I occasionally do something I call “Reading Outside the Lines”, where I pick a book that’s not sci-fi or fantasy to see what the writing is like in other genres of fiction. I’ve taken on thrillers already, so today I thought I’d tackle young adult. I’ve reviewed a couple of young adult books with major fantasy elements: Steelheart and Children of the Different, but I thought to get the full experience, I’d need to try a young adult book set in the real world.
The Recruit is the first book in the CHERUB series, which is about a secret British intelligence agency that uses young orphans as agents. Child agents can do things like become friends with the bad guys’ kids to snoop around their homes, etc.. There is a mini-mission about halfway through the novel where a gang of the agents break into an arms dealer’s house and vandalize the heck out of the place. His security footage shows that the intruders were children, and his place is trashed, so he doesn’t suspect that his papers were photographed for MI5.
I put off reading this book (listening to the audiobook, actually) for quite a while after I purchased it, afraid that the young adult aspects would make me roll my eyes until I became dizzy and crashed my car. That didn’t happen, though. I didn’t get any sense that the writing was “dumbed down” for a younger audience. In fact, I think it was as good or better than much of what I’ve read targeting adults.
I found the romantic portions of the book realistic rather than sappy, and they were brief, underscoring the young nature of the main character. He’s eleven or twelve years old, so it’s natural he’d have a crush on his fifteen or sixteen year old female swimming instructor. He kisses his first girlfriend while on his first mission, and his handler has to get him back to hanging out with suspects instead of sneaking away to be with the girl.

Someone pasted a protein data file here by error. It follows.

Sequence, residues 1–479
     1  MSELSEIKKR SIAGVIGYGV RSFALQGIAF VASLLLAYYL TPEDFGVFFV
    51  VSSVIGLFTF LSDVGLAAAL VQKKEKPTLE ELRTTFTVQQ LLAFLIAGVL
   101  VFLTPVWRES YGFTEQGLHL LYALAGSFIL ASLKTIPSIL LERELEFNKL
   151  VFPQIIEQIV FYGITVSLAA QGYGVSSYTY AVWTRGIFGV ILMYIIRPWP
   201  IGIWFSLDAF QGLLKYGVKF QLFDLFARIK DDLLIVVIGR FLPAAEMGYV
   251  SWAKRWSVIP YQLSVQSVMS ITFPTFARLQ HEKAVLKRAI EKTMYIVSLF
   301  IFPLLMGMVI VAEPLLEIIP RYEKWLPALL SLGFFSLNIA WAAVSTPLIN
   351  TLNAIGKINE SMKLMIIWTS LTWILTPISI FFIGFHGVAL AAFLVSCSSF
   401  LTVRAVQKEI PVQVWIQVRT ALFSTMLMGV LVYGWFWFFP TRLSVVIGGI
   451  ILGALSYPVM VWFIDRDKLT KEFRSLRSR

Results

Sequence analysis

Although the author’s writing style kept me engaged, I felt that the book should have focused more on the main character’s actual mission (protecting an oil-industry conference against a terrorist attack). I’m just guessing, but feel that the mission takes up a third or less of the book. The majority of the book seemed to be his training, and there were also chapters of his pre-orphan life dealing with school bullies and such.
I also wonder if such an agency would even want to train its agents to such a degree. If you train children in armed and unarmed combat, teach them to read Cyrillic or Japanese kanji, and send them through a jungle survival course in Malaysia, are they still going to interact with adults the same way normal children do? Maybe adults don’t pay that much attention to kids, but it seems to me that this training introduces more risk than reward, and child agents don’t stop aging during training, so a government agency might just throw the kids out there relatively untrained and see what happened.
Let me know if you’ve read this book, know of any other YA books that are good enough for adults, or have any thoughts on YA fiction in general.